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Hyperextension injury to the PIP joint or to the MP joint of the thumb–a clinical study.

Jespersen B, Nielsen NS, Bonnevie BE, Boeckstyns ME. Scand J Plast Reconstr Surg Hand Surg 1998 Sep;32(3):317-21.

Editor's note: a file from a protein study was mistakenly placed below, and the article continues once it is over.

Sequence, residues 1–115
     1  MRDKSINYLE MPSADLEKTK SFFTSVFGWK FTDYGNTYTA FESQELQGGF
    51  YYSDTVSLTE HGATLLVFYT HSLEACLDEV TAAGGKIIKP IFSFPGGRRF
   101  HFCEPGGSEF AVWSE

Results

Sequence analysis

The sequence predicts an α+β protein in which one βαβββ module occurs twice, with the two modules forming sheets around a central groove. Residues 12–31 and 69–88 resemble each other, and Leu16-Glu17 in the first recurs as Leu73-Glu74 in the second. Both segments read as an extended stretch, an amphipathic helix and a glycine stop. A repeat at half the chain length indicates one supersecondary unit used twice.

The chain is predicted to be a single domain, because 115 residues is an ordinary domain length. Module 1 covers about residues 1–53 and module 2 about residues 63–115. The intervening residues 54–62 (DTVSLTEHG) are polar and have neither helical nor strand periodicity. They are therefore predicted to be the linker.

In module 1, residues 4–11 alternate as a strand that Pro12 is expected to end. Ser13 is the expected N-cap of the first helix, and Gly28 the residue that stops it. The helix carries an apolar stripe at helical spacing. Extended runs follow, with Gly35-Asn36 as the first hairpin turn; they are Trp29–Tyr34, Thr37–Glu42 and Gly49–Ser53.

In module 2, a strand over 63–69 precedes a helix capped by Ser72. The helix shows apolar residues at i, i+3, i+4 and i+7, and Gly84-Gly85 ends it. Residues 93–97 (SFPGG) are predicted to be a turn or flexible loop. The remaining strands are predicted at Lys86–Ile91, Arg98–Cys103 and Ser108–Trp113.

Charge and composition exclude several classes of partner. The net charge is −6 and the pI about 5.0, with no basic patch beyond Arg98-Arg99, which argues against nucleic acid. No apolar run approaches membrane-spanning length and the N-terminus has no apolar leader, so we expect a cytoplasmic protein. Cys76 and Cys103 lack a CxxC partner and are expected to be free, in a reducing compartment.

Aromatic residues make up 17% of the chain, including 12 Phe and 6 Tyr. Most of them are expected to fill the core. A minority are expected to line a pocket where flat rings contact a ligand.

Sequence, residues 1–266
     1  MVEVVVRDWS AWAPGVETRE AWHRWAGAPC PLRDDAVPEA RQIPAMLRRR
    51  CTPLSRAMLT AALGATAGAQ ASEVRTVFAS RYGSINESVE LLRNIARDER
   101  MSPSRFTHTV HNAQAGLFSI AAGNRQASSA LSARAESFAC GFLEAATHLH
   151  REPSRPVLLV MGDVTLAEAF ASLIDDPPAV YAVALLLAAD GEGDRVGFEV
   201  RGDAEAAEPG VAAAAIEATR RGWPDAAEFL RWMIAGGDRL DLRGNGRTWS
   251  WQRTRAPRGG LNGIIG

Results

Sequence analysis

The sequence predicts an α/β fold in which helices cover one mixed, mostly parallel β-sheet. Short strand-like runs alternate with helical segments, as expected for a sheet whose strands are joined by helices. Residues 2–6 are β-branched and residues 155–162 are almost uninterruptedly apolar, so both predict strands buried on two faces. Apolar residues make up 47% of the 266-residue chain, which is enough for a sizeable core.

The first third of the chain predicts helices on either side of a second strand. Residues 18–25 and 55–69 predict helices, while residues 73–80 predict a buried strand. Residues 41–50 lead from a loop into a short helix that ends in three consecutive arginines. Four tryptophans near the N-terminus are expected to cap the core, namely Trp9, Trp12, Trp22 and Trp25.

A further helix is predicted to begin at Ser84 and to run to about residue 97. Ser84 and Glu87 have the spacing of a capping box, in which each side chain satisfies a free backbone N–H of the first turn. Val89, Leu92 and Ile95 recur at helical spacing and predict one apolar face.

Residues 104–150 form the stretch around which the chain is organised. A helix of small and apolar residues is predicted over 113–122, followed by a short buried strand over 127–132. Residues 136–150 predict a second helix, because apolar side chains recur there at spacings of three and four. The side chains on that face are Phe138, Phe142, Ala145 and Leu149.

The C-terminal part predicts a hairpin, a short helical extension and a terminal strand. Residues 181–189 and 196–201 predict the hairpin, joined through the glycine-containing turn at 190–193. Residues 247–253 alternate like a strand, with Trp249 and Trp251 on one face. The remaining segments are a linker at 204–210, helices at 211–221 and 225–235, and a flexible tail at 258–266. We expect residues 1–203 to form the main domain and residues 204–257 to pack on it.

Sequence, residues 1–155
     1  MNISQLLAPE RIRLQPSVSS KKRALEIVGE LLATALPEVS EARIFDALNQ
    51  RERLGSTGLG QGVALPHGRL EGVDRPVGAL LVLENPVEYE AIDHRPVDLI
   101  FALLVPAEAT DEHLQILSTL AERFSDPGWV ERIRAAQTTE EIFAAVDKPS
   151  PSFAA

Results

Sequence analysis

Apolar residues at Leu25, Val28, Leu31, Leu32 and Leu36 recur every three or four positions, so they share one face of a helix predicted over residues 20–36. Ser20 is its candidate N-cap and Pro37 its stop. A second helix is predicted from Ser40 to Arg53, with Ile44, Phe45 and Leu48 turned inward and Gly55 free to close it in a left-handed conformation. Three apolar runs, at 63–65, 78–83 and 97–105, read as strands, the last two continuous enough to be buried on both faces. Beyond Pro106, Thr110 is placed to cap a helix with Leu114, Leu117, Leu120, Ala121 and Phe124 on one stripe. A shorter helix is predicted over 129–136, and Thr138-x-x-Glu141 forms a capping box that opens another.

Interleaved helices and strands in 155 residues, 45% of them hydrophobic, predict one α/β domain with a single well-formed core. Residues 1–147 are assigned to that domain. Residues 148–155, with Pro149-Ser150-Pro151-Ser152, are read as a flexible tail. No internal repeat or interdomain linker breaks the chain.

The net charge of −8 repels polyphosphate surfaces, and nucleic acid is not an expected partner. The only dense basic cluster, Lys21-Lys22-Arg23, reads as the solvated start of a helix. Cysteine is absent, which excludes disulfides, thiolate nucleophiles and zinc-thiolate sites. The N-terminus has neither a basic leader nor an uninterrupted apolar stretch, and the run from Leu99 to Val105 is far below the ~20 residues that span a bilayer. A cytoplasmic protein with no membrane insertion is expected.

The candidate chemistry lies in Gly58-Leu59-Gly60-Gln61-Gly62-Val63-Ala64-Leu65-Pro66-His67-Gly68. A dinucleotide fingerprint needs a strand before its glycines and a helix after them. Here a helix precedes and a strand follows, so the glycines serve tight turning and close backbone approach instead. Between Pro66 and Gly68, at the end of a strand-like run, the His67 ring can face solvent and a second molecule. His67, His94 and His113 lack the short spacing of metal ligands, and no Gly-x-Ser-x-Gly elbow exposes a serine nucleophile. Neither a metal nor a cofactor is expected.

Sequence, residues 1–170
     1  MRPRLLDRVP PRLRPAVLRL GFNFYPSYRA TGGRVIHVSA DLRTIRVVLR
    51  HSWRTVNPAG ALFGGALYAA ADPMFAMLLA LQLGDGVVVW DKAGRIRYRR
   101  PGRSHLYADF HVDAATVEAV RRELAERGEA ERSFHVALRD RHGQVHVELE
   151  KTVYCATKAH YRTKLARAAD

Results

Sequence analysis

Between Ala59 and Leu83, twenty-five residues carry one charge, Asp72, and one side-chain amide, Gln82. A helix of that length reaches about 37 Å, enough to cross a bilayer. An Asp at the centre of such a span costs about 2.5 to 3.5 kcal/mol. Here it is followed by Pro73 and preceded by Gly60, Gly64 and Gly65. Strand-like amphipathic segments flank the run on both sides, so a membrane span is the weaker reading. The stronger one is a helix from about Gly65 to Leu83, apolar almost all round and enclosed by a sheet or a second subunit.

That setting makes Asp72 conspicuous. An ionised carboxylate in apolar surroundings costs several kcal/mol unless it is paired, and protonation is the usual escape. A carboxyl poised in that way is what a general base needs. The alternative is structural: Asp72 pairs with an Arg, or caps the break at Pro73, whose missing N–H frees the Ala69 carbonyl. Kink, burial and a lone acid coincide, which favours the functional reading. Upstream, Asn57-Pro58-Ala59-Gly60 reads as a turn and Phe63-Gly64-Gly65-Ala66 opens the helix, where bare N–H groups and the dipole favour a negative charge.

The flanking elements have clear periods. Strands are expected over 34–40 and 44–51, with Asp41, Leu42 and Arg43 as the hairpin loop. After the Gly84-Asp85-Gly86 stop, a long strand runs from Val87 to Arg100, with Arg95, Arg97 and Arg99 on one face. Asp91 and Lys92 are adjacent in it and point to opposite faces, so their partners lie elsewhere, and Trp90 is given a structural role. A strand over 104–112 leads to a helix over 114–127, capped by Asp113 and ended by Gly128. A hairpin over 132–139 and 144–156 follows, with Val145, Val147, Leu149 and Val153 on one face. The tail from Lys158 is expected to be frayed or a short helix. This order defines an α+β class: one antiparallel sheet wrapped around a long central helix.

We present a prospective study of the diagnosis and clinical course of 60 patients with 57 pure hyperextension injuries to the proximal interphalangeal (PIP) joint of the long fingers (fingers 2-5) and seven injuries to the metacarpophalangeal (MP) joint of the thumb. Thirty four of the injuries (57%) were related to ball sports, and the ulnar fingers of the non-dominant hand were usually affected. There were 24 avulsion fractures at the site of the insertion of the volar plate on to the middle phalanx. Twelve (20%) initially presented with hyperextension instability, and this was usually associated with an avulsion fracture. Thirty four of the patients (57%) had symptoms for less than one month, while 10 (17%) complained of symptoms six months after the injury. Severe complications such as daily pain and stiffness were encountered in three cases. The triad sign (pain on extreme flexion and extension) was of no use as a diagnostic or prognostic factor, nor did the radiographic stress-view help to identify acute instability of the joint.

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